News for children (and adults) in Zambia

The youth news bulletin Z Kids News is the only news programme in Zambia geared towards young viewers. Established in 2006 as a local WADADA member, today, Z Kids News offers around 500,000 children a daily mix of news items, opinion features and stories that are attuned to a younger audience.

Nearly half the population of Zambia is under the age of 15. “Particularly in a country like ours, which is home to so many young people and where access to education is far from universal, news programmes for children can help them learn new things,” says Costa Mwansa, General Director of Muvi TV, the Zambian station responsible for broadcasting the programme. “And not just children,” he adds. “This also includes adults who have never been to school.”

Taken off the air

Z Kids News wants to offer children professional and reliable tailor-made news. This isn’t always easy. In August 2016, it became clear that press freedom is under considerable pressure in Zambia when Z Kids News was suddenly taken off the air. The Zambia Ministry of Information revoked the broadcasting licence of Muvi TV and two radio stations. The entire workforce was suspended. This measure was taken in response to Muvi TV’s allegedly ‘unprofessional’ conduct before and during the Zambian presidential elections that month. According to Muvi TV, while their coverage of the elections was balanced, it didn’t always show the incumbent government in the best of light. According to the opposition, the licences were revoked to stifle independent media reporting.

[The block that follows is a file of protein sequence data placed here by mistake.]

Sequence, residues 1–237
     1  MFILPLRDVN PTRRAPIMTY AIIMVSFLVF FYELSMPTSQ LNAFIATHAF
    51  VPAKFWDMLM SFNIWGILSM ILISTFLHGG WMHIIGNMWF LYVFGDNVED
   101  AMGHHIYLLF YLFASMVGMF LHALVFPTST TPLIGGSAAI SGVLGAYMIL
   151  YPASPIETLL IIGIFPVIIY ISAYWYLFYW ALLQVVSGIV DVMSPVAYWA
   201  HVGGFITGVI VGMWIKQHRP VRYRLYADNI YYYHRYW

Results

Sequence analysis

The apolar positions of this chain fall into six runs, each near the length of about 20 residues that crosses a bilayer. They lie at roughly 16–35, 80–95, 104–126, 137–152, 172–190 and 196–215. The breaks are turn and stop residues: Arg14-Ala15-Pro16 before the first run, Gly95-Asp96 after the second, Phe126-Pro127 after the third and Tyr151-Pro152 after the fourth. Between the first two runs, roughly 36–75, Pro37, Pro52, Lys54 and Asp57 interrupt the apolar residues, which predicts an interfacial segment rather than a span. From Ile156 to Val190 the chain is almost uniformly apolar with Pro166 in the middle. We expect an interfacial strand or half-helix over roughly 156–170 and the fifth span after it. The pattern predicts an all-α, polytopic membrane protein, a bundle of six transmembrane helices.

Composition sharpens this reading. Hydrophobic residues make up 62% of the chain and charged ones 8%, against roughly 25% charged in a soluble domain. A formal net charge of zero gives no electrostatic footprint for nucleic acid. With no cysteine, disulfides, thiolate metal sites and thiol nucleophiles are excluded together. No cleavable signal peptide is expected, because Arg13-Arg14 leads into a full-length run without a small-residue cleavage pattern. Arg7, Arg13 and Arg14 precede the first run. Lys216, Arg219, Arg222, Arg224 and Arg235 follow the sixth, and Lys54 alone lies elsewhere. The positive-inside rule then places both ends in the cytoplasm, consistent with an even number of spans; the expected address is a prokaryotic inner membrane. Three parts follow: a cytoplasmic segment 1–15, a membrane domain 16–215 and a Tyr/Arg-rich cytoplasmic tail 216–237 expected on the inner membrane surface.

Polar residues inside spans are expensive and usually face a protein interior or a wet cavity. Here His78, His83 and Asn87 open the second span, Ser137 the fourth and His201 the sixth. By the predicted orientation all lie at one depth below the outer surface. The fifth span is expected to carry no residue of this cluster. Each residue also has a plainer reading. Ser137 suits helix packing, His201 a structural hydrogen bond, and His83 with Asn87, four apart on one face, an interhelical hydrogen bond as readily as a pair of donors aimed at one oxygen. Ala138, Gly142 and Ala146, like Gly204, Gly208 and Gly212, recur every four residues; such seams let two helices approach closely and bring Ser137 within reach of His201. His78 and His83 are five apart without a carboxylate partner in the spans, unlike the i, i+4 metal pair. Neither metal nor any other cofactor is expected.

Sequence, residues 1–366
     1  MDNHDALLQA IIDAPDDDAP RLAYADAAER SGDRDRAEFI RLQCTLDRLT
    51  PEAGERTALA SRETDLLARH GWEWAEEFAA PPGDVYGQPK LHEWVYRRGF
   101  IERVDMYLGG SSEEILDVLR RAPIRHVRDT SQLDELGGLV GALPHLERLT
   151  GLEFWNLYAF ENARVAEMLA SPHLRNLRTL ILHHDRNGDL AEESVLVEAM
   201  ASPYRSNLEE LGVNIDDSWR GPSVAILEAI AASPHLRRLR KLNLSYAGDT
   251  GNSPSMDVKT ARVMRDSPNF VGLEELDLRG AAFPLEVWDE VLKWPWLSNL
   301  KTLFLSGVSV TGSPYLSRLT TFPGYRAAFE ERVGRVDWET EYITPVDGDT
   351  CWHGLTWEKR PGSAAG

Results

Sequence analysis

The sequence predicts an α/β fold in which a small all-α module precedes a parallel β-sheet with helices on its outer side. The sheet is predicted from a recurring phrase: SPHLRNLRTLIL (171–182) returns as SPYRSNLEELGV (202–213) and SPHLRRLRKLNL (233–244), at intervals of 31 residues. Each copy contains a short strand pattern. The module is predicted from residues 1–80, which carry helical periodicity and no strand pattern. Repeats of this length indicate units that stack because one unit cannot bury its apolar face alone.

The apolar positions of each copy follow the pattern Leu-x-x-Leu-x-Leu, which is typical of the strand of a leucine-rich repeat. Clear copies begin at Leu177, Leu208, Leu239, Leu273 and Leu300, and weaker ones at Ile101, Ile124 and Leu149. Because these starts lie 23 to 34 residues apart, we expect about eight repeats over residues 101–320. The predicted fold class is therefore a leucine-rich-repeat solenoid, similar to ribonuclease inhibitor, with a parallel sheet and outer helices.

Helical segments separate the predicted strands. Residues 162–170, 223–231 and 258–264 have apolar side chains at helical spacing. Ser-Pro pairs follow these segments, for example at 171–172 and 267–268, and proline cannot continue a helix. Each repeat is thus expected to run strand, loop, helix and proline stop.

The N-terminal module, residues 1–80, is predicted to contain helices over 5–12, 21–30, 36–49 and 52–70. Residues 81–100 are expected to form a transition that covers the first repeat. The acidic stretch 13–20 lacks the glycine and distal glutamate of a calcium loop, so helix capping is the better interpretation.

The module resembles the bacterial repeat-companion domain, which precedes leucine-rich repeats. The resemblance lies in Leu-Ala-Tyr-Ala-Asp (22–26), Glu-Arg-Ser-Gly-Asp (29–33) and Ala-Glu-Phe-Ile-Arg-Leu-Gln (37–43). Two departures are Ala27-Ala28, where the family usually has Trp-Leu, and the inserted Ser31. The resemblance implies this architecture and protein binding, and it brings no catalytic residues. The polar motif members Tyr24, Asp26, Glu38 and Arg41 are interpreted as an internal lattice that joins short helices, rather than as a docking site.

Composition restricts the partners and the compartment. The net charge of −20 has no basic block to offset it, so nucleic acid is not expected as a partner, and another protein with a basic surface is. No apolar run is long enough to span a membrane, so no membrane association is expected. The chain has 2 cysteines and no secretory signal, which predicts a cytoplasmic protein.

In September 2016, this lockdown was lifted again, and Z Kids News was able to celebrate its 10-year anniversary. It can also look back on quite a few years of financial self-sufficiency – although the youth news bulletin will continue to make use of the facilities of the WADADA network. According to presenter Siphiwe Mphanza, the programme has also led to positive government actions. “We made a number of items about the lack of playgrounds in Zambia. Children are angry about this. Ultimately, the government responded by building a couple of new playgrounds.”

News for young viewers is being taken more seriously

Z Kids News also has an impact on regular media channels – as became clear in 2012, when the Media Institute of Southern Africa called the programme a ‘shining example’. According to the Institute, Z Kids News clearly shows why news is important for children. The makers of Z Kids News are proud of this acknowledgement: “Since then, we have also seen that journalists in other media are taking youth-oriented news coverage more seriously.”

In the years ahead, Z Kids News intends to convince an even larger audience of its importance. Particularly in rural areas, where children are difficult to reach because they don’t have access to television or the internet. But Z Kids News may have a solution: use solar panels to broadcast its youth news bulletins.

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